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Digital Utility Trends for 2023

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Julian Jackson's picture
Staff Writer, Energy Central BrightGreen PR

Julian Jackson is a writer whose interests encompass business and technology, cryptocurrencies, energy and the environment, as well as photography and film. His portfolio is here:...

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Here are three current trends that will continue to develop in 2023:

Increased use of VR

Virtual Reality (VR) is expected to see significant growth in 2023, with 18.8 million VR headsets and other AR/VR devices being shipped worldwide, according to Magnopus. This growth is being driven by advancements in technology that are making VR more accessible and affordable for consumers, including the entry of Apple into the sector in 2023. Use of VR, and perhaps the metaverse, will become increasingly important to utilities to look at operations in real time, for maintenance.

This will be combined with the IoT and Digital Twins, so will be a merging of new and advanced, data-driven technologies.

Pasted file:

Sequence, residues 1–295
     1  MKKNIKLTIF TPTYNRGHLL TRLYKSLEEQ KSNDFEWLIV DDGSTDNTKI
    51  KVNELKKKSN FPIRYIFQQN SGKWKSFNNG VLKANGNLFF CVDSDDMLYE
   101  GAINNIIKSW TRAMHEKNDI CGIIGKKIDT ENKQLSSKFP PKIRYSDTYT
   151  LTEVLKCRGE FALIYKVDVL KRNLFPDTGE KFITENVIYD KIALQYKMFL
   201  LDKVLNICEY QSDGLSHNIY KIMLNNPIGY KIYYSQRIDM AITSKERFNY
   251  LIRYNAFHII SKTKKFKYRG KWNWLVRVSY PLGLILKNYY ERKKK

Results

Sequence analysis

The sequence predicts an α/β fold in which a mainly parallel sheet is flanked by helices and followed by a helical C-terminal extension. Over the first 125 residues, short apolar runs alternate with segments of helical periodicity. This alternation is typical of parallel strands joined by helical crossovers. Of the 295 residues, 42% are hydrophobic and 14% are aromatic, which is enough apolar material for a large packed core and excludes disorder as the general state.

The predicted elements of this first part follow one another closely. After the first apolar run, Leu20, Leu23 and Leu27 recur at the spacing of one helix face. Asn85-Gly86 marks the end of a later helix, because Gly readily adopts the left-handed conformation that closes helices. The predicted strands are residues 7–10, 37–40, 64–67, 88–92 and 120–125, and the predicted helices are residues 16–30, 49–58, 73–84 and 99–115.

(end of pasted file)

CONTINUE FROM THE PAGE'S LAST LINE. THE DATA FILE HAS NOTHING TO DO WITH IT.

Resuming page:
Big Data

As one of the digital enablers, Big Data analytics is moving forward rapidly, allowing businesses to collect real-time data and make better, faster decisions by applying sophisticated techniques. Where utilities can deploy Artificial Intelligence (AI); decision-makers can automate manual tasks by performing recurrent, high-volume and computerized tasks much more quickly. As a result, it benefits businesses with highly efficient operations, improved customer convenience and satisfaction, and maximized profit margins by cost reduction, process productivity, and greater product and service innovation.

 

Cloud Computing

Cloud-based analytics enables significant cost optimization with its ability to capture massive data oceans in real time; businesses can therefore analyze new sourced data set from the Internet of Things (IoT) via instant analytics and implement efficient and precise decisions as well as product and service developments. This is critical in areas of infrastructure where, for example, resiliency is needed in the face of climate issues like wildfires.

Cloud-based service platforms are also going to be a way of reducing costs, increasing security for a mobile workforce, and pooling applications, to take advantage of the best-in-class developments, rather than committing to server farms and in-house talent.

With an increasingly non-office based workforce, cloud systems make more sense for personnel who are not at a fixed location for most of the working day.

Undoubtedly 2023 will continue the digital transformation that utilities are grappling with, and bring both benefits and challenges.

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